Remedy is rebooting its upcoming free-to-play multiplayer title, previously codenamed "Vanguard," as a premium release.
The Alan Wake 2 developer said retooled project will now be codenamed "Kestrel" and will feature a "strong, cooperative multiplayer component." As for why Remedy is ditching the freemium model, the Finnish studio suggested there is simply too much uncertainty within the free-to-play market.
"Remedy signed a global agreement with Tencent as its publishing partner on December 28, 2021, to develop Vanguard," said the company in a brief update to investors.
"Due to uncertainties in creating a successful game to the rapidly changing free-to-play market and associated risks, the parties have discussed a new direction for the game project, which will be given the new codename, 'Kestrel.' The reboot comes as the project has reached the end of its proof-of-concept phase and after Remedy and Tencent had time to evaluate the project's status and its next steps."
Kestrel will now return to a concept phase while Remedy reshuffles the development team. Some of those who worked on Vanguard will be moved onto the studio's other ongoing projects while the core leadership team and select members of the group help chart a new path forward.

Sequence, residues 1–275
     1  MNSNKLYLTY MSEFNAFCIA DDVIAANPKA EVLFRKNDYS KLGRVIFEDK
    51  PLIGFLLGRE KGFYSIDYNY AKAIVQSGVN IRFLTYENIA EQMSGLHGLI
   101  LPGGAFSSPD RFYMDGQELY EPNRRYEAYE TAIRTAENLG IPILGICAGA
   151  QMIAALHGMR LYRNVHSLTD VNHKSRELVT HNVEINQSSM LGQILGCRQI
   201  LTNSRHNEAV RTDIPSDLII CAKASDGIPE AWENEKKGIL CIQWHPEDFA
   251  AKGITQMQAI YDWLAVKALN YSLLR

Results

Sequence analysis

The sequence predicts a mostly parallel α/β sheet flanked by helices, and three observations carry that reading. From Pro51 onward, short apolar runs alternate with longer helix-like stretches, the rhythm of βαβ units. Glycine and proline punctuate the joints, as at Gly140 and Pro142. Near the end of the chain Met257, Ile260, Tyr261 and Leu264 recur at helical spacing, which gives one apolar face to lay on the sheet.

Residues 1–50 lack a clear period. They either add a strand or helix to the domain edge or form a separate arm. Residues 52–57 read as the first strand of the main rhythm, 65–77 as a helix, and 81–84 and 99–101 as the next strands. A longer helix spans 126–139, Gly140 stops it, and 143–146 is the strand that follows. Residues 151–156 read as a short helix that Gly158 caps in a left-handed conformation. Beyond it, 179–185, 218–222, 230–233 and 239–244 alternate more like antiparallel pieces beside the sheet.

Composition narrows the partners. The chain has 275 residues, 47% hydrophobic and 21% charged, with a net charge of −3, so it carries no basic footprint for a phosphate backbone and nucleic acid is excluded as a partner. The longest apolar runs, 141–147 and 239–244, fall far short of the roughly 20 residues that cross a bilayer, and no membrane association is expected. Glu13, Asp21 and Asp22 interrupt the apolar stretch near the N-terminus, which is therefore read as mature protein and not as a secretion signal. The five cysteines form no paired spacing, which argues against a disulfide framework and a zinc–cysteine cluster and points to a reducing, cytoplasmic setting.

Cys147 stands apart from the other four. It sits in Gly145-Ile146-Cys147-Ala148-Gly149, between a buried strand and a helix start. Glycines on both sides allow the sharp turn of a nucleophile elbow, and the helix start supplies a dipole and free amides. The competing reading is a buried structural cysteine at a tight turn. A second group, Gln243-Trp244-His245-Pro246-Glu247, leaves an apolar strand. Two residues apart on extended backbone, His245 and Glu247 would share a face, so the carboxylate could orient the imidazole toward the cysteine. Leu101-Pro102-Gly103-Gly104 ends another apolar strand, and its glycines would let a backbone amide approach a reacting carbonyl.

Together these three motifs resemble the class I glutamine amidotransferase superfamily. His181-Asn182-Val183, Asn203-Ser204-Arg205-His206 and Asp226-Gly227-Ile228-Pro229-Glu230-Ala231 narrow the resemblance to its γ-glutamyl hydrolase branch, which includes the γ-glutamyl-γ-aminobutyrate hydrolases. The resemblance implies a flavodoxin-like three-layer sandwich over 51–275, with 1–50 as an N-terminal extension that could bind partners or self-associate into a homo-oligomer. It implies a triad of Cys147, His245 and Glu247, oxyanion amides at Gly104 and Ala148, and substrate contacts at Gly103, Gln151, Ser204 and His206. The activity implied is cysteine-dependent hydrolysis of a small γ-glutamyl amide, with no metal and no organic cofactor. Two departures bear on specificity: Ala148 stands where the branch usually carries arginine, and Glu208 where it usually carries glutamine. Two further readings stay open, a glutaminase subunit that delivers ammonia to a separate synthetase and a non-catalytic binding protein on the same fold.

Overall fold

"The new experience will lean more into Remedy’' core strengths and be built on many of the features, assets and themes already designed for Vanguard," added the studio.
Remedy CEO Tero Virtala said the decision to alter the trajectory of Vanguard was made after a lot of "careful consideration," but suggested the move will allow the studio to play to its strengths.
"We believe that taking on a new direction where the game will be built more around Remedy's core competences is the right way to go," he added. "We are creating another distinct Remedy game with Tencent's continued support in making a great cooperative multiplayer experience."
The news comes just a few weeks after the launch of Alan Wake 2. We're still waiting to hear how the long-awaited sequel has been selling, but in its latest fiscal report Remedy revealed that Alan Wake Remastered had recouped its development and marketing costs after roughly two years on shelves.